The Department of the Interior oversees energy production on federal lands, and is responsible for ensuring that companies pay a fair return for accessing federal energy resources.
We testified on many ways that Interior could better manage these resources. (In fact, we put Interior’s management of federal oil and gas resources on our High Risk List in 2011.)
For example, in the past we recommended controlling natural gas emissions on federal lands to ensure positive monetary and environmental effects. Although Interior issued regulations in 2016 to reduce wasteful emissions, by 2018 they were revised, inconsistent with our recommendations.
An oil pump
What GAO Found
GAO's prior and ongoing work found challenges related to ensuring a fair return for oil, gas, and coal developed on federal lands in areas, including the following:
Oil, Gas, and Coal Lease Terms and Conditions. Key federal lease terms are the same as they were decades ago, and Interior has not adjusted them for inflation or other factors that may affect the federal government's fair return. In June 2017, GAO reported that raising federal royalty rates—a lease term that defines a percentage of the value of production paid to the government—for onshore oil, gas, and coal resources could decrease production on federal lands by a small amount or not at all but could increase overall federal revenue. Also, preliminary observations from GAO's ongoing work indicate that selected states charge royalty rates for oil and gas produced on state lands at a higher rate than the federal government charges for production on federal lands.
Oil, Gas, and Coal Bonding. GAO found in September 2019 that oil and gas bonds do not provide sufficient financial assurance because, among other things, most individual, statewide, and nationwide lease bonds are set at regulatory minimum values that have not been adjusted for inflation since the 1950s and 1960s (see figure). Further, GAO reported in March 2018 that coal self-bonding (where an operator promises to pay reclamation costs without providing collateral) poses financial risks to the federal government. Bonds provide funds that can be used to reclaim lands—restore them as close to their original natural states as possible—if an operator or other liable party does not do so.
Bureau of Land Management Current Regulatory Minimum Oil and Gas Bond Values Compared to Original Minimum Bond Values, Adjusted to 2018 Dollars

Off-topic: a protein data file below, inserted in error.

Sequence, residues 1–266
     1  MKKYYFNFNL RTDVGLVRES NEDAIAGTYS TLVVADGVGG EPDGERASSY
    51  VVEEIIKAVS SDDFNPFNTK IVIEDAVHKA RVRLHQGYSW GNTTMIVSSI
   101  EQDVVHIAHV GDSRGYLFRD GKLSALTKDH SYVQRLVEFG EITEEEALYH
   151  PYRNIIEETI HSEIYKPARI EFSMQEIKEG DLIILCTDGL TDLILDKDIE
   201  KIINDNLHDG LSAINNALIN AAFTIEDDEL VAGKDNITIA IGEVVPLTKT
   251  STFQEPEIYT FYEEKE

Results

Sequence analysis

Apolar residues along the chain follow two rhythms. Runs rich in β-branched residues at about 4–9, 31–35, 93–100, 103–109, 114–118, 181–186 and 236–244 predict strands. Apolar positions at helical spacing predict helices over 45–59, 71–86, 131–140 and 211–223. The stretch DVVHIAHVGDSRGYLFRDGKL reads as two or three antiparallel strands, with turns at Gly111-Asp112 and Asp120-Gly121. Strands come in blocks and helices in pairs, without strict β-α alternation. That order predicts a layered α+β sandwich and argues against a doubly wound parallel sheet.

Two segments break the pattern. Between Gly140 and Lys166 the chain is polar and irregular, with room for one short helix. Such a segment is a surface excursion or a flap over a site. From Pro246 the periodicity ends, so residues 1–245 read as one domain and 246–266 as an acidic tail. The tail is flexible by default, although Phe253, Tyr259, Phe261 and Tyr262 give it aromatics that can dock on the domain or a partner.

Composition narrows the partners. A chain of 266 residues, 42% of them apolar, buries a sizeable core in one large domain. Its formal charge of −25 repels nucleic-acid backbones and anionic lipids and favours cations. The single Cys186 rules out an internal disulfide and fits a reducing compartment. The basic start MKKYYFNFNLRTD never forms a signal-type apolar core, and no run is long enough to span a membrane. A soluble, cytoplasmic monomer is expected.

Natural Gas Emissions. In October 2010, GAO reported that data collected by Interior likely underestimated venting and flaring because they did not account for all sources of lost gas. GAO reported that economically capturing vented and flared natural gas could increase federal royalty payments by $23 million annually and made recommendations to help Interior better account for and manage emissions. In November 2016, Interior issued regulations consistent with GAO's recommendations, but Interior has since issued revised regulations, which are inconsistent with GAO's recommendations.
Why GAO Did This Study
Interior oversees energy production on federal lands and waters and is responsible for ensuring taxpayers receive a fair return for access to federal energy resources. Oil, gas, and coal on federal lands provide an important source of energy for the United States; they create jobs; and they generate billions of dollars in revenues that are shared between federal, state, and tribal governments. However, when not managed properly, energy production on federal lands can create risks to public health and the environment, such as contaminated surface water. In February 2011, GAO designated Interior's management of federal oil and gas resources as a program at high risk for fraud, waste, abuse, and mismanagement or the need for transformation. This testimony discusses GAO's work related to ensuring a fair return on resources from federal lands. To do this work, GAO drew on reports issued from May 2007 through September 2019 and preliminary observations from ongoing work. GAO reviewed relevant federal and state laws, regulations, and policies; analyzed federal data; and interviewed federal, state, and industry officials, among others.
For the reports discussed in this testimony, GAO has made 20 recommendations and three matters for congressional consideration. Interior has taken steps to implement a number of these recommendations, but 10 recommendations and two matters for congressional consideration remain unimplemented, presenting opportunities to continue to improve management of energy resources on federal lands.